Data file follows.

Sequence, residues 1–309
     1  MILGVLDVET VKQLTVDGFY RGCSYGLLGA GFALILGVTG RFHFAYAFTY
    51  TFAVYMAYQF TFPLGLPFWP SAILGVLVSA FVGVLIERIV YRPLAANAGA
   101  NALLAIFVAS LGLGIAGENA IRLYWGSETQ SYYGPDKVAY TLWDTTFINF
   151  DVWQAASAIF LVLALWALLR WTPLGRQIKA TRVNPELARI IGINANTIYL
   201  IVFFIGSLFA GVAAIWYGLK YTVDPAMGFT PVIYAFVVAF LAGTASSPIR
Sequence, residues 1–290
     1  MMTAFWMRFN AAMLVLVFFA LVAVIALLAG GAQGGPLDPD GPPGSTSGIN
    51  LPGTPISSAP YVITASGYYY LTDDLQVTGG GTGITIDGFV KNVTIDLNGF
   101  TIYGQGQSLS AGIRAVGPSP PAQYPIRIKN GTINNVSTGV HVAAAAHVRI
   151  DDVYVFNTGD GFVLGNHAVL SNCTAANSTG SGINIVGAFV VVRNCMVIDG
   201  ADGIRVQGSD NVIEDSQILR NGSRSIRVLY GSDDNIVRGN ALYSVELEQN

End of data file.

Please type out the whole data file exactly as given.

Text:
Sequence, residues 1–309
     1  MILGVLDVET VKQLTVDGFY RGCSYGLLGA GFALILGVTG RFHFAYAFTY
    51  TFAVYMAYQF TFPLGLPFWP SAILGVLVSA FVGVLIERIV YRPLAANAGA
   101  NALLAIFVAS LGLGIAGENA IRLYWGSETQ SYYGPDKVAY TLWDTTFINF
   151  DVWQAASAIF LVLALWALLR WTPLGRQIKA TRVNPELARI IGINANTIYL
   201  IVFFIGSLFA GVAAIWYGLK YTVDPAMGFT PVIYAFVVAF LAGTASSPIR
Sequence, residues 1–290
     1  MMTAFWMRFN AAMLVLVFFA LVAVIALLAG GAQGGPLDPD GPPGSTSGIN
    51  LPGTPISSAP YVITASGYYY LTDDLQVTGG GTGITIDGFV KNVTIDLNGF
   101  TIYGQGQSLS AGIRAVGPSP PAQYPIRIKN GTINNVSTGV HVAAAAHVRI
   151  DDVYVFNTGD GFVLGNHAVL SNCTAANSTG SGINIVGAFV VVRNCMVIDG
   201  ADGIRVQGSD NVIEDSQILR NGSRSIRVLY GSDDNIVRGN ALYSVELEQN